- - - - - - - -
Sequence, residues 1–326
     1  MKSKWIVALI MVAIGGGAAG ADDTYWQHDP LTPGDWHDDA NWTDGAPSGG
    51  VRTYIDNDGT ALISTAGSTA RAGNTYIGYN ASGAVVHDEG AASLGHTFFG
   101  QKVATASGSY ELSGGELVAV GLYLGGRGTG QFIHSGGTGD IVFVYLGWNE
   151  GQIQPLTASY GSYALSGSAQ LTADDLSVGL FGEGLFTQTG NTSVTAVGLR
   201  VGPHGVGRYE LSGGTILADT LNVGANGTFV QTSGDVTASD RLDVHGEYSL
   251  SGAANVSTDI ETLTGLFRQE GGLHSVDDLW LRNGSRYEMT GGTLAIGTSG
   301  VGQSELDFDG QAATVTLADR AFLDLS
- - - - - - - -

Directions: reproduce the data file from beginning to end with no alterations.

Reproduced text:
Sequence, residues 1–326
     1  MKSKWIVALI MVAIGGGAAG ADDTYWQHDP LTPGDWHDDA NWTDGAPSGG
    51  VRTYIDNDGT ALISTAGSTA RAGNTYIGYN ASGAVVHDEG AASLGHTFFG
   101  QKVATASGSY ELSGGELVAV GLYLGGRGTG QFIHSGGTGD IVFVYLGWNE
   151  GQIQPLTASY GSYALSGSAQ LTADDLSVGL FGEGLFTQTG NTSVTAVGLR
   201  VGPHGVGRYE LSGGTILADT LNVGANGTFV QTSGDVTASD RLDVHGEYSL
   251  SGAANVSTDI ETLTGLFRQE GGLHSVDDLW LRNGSRYEMT GGTLAIGTSG
   301  VGQSELDFDG QAATVTLADR AFLDLS